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Chapati and Masala

Two nights ago I biked home at the same time as Chandani and she asked if I wanted to cook something. Do I want to cook Indian food? How long have I been waiting for this day! It was great and I picked up some good tricks. I learned how to make chapati, which is the common Indian flatbread. It’s fast and easy to make, serves a crowd, and goes well with everything.

All it takes is whole wheat flour, a pinch of salt and enough water to make a soft dough. The dough is rolled out and cooked on a flat pan.

Chandani is really good at rolling them in perfect circles. It’s like she’s been doing this for a long time or something.

 She let me roll out and cook the last one.

I burnt it.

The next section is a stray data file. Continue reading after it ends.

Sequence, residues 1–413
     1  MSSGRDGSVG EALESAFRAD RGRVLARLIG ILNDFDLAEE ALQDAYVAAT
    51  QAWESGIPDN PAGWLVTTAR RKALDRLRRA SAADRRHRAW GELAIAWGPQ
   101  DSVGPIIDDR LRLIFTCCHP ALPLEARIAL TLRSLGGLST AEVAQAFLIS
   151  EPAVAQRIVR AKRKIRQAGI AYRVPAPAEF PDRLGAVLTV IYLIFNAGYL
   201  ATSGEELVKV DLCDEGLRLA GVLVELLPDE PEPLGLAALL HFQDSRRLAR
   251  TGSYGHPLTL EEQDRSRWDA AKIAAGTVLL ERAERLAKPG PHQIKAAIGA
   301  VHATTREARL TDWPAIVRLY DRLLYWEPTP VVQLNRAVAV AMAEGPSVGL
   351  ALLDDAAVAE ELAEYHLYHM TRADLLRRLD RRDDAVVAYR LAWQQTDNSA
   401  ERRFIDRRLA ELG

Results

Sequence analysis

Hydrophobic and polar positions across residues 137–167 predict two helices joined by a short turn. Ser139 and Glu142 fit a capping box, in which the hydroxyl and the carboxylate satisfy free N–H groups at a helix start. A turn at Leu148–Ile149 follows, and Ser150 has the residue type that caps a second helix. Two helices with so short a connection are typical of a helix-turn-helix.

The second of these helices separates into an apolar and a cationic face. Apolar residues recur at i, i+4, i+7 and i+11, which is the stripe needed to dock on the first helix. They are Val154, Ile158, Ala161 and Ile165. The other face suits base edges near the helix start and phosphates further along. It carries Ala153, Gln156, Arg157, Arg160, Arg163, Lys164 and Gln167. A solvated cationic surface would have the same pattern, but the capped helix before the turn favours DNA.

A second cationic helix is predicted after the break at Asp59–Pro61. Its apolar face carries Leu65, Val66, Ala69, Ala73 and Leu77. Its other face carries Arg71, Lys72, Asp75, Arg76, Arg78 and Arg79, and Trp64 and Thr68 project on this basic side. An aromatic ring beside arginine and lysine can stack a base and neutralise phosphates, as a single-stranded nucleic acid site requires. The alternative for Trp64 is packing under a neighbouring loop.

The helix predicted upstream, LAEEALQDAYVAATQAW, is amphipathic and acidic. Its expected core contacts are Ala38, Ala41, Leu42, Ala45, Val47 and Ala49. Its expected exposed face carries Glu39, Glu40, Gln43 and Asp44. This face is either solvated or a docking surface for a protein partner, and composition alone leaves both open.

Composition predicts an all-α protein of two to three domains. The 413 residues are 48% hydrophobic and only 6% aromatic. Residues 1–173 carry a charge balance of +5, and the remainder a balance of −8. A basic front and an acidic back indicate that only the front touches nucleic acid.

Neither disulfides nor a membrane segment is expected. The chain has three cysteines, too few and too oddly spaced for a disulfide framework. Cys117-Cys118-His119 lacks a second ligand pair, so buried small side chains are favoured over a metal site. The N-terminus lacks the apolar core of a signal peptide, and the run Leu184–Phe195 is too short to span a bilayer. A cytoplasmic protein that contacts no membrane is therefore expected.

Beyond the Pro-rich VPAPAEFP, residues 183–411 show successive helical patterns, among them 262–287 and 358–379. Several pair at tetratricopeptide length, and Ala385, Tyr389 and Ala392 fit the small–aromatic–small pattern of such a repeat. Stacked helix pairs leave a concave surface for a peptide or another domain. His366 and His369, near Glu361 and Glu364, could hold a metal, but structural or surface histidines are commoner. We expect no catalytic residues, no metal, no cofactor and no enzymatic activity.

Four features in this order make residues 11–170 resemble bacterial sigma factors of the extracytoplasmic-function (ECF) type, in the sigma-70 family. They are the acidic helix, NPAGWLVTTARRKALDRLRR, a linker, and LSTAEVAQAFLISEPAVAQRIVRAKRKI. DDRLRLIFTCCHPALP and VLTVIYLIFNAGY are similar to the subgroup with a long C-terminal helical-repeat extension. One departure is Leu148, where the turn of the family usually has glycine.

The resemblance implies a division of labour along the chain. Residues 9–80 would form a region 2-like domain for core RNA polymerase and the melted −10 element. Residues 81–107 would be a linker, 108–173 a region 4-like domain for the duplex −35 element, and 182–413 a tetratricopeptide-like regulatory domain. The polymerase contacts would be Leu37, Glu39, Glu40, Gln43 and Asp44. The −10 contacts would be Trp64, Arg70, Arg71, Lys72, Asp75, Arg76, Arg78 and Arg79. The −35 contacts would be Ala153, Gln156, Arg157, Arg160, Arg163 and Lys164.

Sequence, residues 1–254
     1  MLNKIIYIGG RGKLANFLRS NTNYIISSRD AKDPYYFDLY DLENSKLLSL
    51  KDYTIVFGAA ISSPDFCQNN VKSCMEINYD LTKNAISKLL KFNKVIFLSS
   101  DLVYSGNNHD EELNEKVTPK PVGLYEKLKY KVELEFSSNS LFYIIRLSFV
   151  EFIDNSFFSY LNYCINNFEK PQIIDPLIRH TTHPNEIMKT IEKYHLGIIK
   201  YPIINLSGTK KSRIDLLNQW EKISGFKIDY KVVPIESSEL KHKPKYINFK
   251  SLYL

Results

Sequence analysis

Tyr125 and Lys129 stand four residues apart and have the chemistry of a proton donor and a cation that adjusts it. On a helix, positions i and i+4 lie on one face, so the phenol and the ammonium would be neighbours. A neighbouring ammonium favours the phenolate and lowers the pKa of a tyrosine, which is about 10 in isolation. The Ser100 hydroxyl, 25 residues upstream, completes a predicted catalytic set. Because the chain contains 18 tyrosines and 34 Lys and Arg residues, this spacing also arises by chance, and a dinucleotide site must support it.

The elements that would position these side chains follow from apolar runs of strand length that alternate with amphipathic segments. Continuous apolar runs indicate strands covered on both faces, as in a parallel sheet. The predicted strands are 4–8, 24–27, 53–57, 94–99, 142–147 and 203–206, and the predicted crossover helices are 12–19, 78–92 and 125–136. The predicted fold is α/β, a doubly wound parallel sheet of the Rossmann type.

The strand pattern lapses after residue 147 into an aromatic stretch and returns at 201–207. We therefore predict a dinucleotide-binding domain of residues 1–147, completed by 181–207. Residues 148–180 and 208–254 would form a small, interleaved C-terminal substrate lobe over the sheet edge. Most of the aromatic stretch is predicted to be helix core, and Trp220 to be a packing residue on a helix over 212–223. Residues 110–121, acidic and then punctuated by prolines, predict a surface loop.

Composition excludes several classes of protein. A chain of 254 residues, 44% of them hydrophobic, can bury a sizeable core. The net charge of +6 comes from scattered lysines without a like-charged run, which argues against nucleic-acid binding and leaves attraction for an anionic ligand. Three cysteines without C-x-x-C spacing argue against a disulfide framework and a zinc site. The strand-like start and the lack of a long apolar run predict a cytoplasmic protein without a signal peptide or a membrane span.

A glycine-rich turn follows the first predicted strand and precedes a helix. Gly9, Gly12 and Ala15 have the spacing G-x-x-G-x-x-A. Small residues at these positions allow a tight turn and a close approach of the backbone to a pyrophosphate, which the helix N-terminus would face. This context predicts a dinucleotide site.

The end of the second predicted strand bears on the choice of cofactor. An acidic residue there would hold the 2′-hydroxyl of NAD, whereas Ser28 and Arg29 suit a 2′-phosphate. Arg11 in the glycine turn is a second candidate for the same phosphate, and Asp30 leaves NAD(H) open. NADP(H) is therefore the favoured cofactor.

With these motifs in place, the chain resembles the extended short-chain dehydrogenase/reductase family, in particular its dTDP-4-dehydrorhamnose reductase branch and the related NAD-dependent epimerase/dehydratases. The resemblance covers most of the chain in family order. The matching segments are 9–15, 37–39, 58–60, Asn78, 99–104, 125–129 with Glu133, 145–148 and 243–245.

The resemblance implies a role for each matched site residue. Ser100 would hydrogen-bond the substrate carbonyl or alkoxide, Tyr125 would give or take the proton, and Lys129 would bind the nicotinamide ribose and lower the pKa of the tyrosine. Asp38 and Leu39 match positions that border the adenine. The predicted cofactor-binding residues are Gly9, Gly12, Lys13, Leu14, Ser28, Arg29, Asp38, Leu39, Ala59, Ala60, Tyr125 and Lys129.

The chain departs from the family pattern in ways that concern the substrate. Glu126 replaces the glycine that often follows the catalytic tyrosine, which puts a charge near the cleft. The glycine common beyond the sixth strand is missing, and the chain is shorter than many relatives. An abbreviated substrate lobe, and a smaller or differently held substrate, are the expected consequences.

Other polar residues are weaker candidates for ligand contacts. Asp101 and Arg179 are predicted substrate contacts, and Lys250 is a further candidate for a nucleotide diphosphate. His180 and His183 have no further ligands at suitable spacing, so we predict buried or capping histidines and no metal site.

Na’an, often served in Indian restaurants in the US, is made of fine white flour. Apparently no one eats na’an here, as it is only served in fancy hotels and such. Chapati is the bread of choice.  The south has thinner chapatti, while in North India they eat roti. North Indians eat more roti, and not as much rice.  South India grows only rice, but in the north it’s cool enough to grow rice and wheat, so all the wheat here is sent from the north.

We also made a potato curry. A bit of chopped onion and tomato and lots of spices. Spices, masala, are stored in the masala box, which allows you to mix and match spices depending on what you need. Pretty huh? You really can’t go wrong. This one has chili powder, cinnamon, turmeric, cumin, and chicken masala. The more spice the better.


The curry turned out great. With a bit of cool cucumber salad, I had my first delicious Indian meal that I helped cook.


Last night I also made my first cup of tea! Very exciting. I had bought milk and tea and sugar and everything but was waiting for some reason. Chandani was my test-taster. She said it was a bit strong, “not bad but not great.” I replied, “That’s ok with me, at least I didn’t burn anything.”

About apassagetopondi

A young activist bookworm who loves to empower new faces and discover new places.

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